On top of this troubling data, high school students are applying to more colleges than ever (this number has tripled in the last decade), yet fewer are graduating. Of those that do complete their programs, fewer report satisfaction with their education or subsequent career choices. On a positive note, fewer teenagers are consuming alcohol and tobacco products. While this is a good sign, it points to yet another worrisome behavior—less socialization. What researchers have discovered is that students are limiting their social interactions for the sake of academic resumes.
Why These Findings are Important
While we do not want to promote teenage drinking and smoking, we should pay heed to the fact that teenagers are spending less time socializing outside of school. In adolescence, the main task of personal development is to discover individual values, while nurturing interests in the pursuit of becoming an adult. They do this by experimenting, socializing, and learning from their experiences. If teenagers are so consumed with being good at everything, then how can they allocate time to their talents and interests? Humans are unique from each other; they are not supposed to be good at everything. Yet the college admissions process (at least from a high school standpoint) requires them to be “well-rounded”, expecting more of themselves than is possible. This situation results in their feeling poorly about themselves, possibly leading to depression and anxiety disorders.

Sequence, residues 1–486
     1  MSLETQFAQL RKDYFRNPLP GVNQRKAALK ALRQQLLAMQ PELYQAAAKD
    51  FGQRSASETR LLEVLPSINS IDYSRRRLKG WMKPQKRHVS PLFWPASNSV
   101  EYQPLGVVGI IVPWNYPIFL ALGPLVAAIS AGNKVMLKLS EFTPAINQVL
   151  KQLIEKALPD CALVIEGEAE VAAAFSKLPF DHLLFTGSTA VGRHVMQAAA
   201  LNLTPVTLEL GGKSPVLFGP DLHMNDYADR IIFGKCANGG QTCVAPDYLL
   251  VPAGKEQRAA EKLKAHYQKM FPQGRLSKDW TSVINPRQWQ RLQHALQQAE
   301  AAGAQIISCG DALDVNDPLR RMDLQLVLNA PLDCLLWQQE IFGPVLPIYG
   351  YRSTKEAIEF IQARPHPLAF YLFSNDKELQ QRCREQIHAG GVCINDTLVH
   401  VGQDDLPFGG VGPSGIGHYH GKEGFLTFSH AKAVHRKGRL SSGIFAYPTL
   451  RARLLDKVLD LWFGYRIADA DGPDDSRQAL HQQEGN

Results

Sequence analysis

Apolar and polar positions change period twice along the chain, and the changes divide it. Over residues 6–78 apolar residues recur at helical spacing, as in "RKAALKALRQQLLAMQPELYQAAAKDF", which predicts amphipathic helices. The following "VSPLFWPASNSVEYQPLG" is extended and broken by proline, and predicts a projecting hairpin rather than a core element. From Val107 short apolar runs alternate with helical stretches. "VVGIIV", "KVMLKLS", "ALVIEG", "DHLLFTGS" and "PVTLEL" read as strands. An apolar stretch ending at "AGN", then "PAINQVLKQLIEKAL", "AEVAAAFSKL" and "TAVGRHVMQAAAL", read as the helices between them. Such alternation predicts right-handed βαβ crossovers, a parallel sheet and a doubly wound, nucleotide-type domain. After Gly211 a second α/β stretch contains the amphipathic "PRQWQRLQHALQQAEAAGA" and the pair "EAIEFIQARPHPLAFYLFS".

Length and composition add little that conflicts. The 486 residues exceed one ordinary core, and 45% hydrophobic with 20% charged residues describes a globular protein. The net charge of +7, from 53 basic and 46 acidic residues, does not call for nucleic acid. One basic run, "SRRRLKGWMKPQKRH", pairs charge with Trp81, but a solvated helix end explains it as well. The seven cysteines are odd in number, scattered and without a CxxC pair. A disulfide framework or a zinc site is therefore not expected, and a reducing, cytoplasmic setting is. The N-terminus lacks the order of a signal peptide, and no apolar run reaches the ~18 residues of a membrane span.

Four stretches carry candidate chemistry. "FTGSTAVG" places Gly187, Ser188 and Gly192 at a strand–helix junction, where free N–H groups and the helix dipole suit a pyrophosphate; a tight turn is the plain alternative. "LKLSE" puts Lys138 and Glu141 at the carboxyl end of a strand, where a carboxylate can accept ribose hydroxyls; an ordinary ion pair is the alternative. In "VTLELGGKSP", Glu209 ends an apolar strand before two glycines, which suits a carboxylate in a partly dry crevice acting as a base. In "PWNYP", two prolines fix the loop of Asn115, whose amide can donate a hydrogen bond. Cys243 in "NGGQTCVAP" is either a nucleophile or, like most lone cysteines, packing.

Where Do We Go from Here?
It’s difficult to fight against the status quo, and many of you may feel that college admission is one of the single-most important aspects of high school success. I’m not here to belittle your concerns. However, we do need to address an important issue about the culture of stress we are creating: What will happen when these teenagers, with impossible expectations and poor emotional health, become adults? What happens to the 35-year-old, the 50-year-old, who never learned the valuable lessons provided through adversity and cultivating self-worth?